Short Wavelength Laboratory Sources

By: Gerry O'Sullivan,Ladislav Pina

Catalogue Number: 3E6-E562

Short Wavelength Laboratory Sources

  • Format: Hardback
  • Publisher: Royal Society of Chemistry
  • ISBN: 9781849734561
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Synopsis

Our ability to manipulate short wavelength radiation (0.01-100nm, equivalent to 120keV-12eV) has increased significantly over the last three decades. This has lead to major advances in applications in a wide range of disciplines such as: the life and medical sciences, including cancer-related studies; environmental science, including studies of pollution and its effects; archaeology and other cultural heritage disciplines; and materials science. Although expansion in application areas is due largely to modern synchrotron sources, many applications will not become widespread, and therefore routinely available as analytical tools, if they are confined to synchrotrons. There is a need to develop bright but small and low cost X-ray sources, not to replace synchrotrons but to complement them and this book will look at how to facilitate these developments. Written by a distinguished team of international authors, this book is based on the COST Action MP0601: Short Wavelength Laboratory Sources. The contents are divided into five main sections. the introductory section provides a comprehensive introduction to the fundamentals of radiation, generation mechanisms and short wavelength laboratory sources. The middle sections focus on modelling and simulation, source development: improvement and characterisation and integrated systems: sources, optics and detectors. The final section looks at recent applications. Aimed at academic and industrial researchers in physical chemistry and chemical physics, the contents provides practical information about the implementation of short wavelength laboratory sources and their applications.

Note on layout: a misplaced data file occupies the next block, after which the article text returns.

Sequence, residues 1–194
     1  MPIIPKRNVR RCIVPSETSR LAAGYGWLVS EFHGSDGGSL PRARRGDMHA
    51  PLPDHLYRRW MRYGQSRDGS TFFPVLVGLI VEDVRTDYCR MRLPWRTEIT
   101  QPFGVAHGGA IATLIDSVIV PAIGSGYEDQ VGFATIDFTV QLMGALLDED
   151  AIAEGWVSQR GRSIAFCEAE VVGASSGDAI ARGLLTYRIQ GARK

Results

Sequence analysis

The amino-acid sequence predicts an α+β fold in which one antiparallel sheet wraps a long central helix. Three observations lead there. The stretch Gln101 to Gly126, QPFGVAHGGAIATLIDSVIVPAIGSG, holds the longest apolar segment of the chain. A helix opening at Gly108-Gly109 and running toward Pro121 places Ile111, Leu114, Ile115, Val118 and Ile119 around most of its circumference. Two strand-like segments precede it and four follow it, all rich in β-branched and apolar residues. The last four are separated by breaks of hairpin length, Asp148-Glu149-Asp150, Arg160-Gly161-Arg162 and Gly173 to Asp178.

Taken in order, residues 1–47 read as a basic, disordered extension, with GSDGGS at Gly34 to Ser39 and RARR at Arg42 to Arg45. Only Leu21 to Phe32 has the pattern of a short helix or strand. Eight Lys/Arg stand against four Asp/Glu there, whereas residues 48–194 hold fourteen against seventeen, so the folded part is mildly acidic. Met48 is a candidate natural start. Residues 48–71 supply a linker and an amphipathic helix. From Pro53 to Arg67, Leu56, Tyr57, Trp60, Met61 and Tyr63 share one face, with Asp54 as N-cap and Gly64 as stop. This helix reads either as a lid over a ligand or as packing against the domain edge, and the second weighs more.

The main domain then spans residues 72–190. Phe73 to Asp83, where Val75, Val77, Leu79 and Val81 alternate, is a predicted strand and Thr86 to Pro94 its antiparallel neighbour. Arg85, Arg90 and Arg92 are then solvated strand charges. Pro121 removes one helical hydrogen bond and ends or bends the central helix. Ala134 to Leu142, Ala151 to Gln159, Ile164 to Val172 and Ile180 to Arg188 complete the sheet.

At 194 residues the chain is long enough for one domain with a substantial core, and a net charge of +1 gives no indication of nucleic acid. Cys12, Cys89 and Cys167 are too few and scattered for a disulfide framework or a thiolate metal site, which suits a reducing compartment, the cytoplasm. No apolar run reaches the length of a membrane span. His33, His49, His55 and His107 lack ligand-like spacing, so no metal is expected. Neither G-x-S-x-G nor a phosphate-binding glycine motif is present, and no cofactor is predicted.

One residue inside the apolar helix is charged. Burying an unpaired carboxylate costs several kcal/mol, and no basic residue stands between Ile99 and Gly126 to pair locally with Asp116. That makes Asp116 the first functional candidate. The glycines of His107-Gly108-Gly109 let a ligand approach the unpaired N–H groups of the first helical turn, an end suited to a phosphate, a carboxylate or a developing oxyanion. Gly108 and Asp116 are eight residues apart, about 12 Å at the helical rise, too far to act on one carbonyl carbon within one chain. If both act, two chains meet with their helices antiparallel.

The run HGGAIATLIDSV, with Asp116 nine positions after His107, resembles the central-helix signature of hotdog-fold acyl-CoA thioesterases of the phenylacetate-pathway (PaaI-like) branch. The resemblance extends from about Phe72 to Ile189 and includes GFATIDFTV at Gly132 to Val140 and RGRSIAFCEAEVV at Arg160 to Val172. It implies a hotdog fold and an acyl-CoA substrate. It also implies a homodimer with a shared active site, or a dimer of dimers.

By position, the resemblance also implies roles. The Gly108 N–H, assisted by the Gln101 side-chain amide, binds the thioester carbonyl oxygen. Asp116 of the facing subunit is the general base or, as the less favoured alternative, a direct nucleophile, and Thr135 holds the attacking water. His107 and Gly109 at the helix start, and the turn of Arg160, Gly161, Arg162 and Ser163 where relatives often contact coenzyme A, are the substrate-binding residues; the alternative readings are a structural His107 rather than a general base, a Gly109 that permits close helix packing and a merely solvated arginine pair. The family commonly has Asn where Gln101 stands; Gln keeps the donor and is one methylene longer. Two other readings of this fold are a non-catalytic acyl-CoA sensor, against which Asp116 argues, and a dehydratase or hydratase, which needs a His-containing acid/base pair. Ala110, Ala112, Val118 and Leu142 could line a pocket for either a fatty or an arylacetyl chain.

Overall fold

Author's Biography

Professor Alan Michette did his PhD in Particle Physics at University College London. After a postdoctoral appointment at UCL he spent four years at the Rutherford Appleton Laboratory before joining Queen Elizabeth College, London as a lecturer, at which point he changed to his current research field of X-Ray Physics. Following the merger of the colleges he moved to King's College London, where he has been ever since apart from a sabbatical in Germany as an Alexander von Humboldt Fellow. In addition to his main research interests, he is the UK instigator of a project to place cosmic ray detectors in local schools with the aim of allowing pupils and teachers the opportunity to be involved in real research - science by application.

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